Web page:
Answer: Again, as long as the circumstances make it clear that the gift is motivated by a personal friendship rather than your position with the Government, you may accept any gift from your friend using the "family and friends" exception. Relevant factors to consider include the history of the relationship and whether the friend personally pays for the gift. If you have any reason to suspect either the motivation or the source of payment for the gift, you can always decline the gift, pay the market value for it, or abide by the $20/$50 limit.
c. Gifts of Free Attendance
Question: I sometimes receive invitations of free attendance for events hosted by DOI contractors. If my supervisor approves of me attending these events, is it okay for me to accept the offer of free attendance?
Answer: You may be able to accept the offer of free attendance if the event qualifies as a widely attended gathering. Your Ethics Advisor must make a determination that your attendance is in the Agency's interest because it will benefit Agency programs and operations.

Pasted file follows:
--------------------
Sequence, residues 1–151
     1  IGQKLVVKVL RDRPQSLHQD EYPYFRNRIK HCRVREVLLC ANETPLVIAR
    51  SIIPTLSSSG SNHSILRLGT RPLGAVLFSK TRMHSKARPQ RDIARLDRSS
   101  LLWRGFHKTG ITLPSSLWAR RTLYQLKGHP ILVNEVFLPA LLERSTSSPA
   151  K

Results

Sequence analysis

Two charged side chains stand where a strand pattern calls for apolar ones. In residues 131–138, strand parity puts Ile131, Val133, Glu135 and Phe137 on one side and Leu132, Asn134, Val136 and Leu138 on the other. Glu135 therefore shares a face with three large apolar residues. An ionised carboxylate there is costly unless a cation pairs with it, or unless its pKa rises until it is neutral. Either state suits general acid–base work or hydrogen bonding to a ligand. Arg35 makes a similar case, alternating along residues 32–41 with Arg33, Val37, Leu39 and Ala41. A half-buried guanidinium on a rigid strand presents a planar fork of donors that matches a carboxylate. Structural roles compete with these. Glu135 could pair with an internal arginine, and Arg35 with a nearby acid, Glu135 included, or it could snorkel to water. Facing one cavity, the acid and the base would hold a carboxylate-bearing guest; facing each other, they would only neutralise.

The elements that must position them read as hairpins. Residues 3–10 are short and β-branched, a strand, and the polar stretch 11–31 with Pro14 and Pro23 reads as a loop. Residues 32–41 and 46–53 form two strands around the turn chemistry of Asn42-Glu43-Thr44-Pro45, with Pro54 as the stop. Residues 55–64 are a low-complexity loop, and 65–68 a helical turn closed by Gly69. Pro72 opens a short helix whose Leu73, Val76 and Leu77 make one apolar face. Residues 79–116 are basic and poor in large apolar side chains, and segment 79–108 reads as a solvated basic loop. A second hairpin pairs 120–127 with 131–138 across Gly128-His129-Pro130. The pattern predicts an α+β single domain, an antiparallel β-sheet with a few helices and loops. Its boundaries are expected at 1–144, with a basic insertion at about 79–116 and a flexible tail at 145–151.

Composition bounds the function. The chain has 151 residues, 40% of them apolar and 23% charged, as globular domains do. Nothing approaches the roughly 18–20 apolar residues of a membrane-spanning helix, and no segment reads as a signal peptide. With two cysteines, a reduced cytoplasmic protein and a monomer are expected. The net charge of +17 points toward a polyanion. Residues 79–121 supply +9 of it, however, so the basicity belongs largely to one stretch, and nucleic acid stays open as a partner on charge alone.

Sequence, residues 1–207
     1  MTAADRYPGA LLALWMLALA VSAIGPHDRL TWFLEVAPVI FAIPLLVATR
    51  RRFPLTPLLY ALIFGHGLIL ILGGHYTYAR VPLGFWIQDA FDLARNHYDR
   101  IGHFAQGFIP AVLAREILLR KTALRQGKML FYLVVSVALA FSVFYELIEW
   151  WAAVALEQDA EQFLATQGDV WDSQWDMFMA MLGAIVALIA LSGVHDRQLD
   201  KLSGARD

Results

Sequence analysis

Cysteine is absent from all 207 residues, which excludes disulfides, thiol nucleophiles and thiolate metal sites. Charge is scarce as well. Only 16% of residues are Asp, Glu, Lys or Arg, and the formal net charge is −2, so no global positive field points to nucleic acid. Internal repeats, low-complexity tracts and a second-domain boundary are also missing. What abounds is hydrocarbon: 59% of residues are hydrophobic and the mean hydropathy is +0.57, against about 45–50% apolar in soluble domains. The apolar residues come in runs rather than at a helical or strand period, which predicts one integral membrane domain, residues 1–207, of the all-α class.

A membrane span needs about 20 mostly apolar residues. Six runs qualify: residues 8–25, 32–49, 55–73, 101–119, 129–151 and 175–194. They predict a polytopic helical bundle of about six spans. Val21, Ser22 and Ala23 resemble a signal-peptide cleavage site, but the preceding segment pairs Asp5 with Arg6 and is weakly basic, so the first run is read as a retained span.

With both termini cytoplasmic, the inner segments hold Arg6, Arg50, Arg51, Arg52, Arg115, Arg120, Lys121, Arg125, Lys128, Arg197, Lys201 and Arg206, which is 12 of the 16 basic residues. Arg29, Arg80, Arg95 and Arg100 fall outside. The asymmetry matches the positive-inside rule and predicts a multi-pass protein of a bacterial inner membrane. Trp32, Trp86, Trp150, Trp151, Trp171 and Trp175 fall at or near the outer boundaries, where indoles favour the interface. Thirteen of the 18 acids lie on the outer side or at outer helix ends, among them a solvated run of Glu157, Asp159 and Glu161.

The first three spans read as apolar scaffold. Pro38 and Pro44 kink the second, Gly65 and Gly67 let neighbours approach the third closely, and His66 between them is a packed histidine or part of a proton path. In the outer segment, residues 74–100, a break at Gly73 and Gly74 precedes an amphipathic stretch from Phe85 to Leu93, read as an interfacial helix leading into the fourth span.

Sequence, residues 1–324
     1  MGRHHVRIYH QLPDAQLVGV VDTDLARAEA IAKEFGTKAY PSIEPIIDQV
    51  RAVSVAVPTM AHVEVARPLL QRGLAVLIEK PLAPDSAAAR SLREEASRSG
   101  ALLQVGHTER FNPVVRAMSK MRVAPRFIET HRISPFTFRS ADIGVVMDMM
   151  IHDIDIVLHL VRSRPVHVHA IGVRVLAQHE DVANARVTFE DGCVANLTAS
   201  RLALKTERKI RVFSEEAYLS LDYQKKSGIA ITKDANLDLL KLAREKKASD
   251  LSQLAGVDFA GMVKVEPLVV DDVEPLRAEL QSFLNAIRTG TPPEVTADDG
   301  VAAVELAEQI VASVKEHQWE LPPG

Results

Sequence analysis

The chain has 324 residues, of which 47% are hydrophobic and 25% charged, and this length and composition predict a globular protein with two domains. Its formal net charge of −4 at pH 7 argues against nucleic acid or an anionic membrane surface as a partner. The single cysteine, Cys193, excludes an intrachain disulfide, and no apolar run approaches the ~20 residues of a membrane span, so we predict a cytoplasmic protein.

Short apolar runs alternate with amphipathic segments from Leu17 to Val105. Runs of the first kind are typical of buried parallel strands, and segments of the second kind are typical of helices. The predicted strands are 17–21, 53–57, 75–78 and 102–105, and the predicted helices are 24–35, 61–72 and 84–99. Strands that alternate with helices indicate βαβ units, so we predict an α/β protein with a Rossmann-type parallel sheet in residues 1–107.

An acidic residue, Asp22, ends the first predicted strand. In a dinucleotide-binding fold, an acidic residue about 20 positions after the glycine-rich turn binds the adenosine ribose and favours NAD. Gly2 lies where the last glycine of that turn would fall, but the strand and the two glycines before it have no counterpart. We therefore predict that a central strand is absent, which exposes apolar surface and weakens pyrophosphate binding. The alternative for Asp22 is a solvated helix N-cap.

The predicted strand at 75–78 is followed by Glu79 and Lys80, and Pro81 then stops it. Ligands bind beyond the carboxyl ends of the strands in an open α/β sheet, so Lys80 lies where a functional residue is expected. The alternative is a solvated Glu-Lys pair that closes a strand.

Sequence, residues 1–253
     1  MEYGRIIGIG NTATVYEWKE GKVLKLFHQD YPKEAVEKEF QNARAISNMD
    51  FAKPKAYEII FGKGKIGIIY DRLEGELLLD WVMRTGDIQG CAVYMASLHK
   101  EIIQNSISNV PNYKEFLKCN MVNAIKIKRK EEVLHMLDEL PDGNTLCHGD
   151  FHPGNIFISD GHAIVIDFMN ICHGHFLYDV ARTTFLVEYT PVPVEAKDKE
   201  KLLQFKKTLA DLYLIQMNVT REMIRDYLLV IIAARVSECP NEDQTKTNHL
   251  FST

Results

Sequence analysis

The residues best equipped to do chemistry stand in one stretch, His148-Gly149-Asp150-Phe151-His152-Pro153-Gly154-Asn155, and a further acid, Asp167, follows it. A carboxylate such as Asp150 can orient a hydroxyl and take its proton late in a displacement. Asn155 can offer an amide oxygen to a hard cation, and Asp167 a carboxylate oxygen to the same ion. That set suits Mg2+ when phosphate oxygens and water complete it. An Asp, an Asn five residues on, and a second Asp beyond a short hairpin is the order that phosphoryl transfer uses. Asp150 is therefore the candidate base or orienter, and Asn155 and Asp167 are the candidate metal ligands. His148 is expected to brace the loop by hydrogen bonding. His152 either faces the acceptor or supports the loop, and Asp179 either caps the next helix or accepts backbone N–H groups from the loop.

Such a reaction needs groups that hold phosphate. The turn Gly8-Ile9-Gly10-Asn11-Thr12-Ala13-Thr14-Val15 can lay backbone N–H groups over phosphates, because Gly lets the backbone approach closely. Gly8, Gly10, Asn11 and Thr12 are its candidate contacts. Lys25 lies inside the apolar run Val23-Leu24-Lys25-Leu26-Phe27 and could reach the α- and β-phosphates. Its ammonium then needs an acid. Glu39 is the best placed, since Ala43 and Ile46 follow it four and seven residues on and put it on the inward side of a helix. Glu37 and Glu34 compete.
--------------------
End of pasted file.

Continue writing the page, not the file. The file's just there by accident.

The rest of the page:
d. Non-DOI Conferences and related Events - WAGS
Question: What, if any, restrictions do employees have in accepting invitations to non-DOI conferences and events related to such conferences?
Answer: Federal employees are prohibited from acting in a manner which appears to constitute an endorsement of a specific entity, product, or service. Federal employee acceptance of invitations to participate in non-DOI conferences and events can create the appearance of such an endorsement if the organizer promotes or conducts the conference in a manner that implies DOI endorsement or special access to DOI officials. Federal employees may not accept invitations to any VIP or Speaker events in which all participants of the conference are not invited. Federal employees also may not accept gifts of entertainment or sporting events (e.g., golf outings) associated with the conference, unless the employee pays full market value for the event and does not participate in the immediate company of DOI contractors (e.g., playing in a foursome including a DOI contractor). In addition, the employee must be in a leave status and personally pay for any additional travel or related expenses that result from the employee's decision to attend such a conference related event.
Question: How should a Federal employee decide to participate in a non-DOI conference?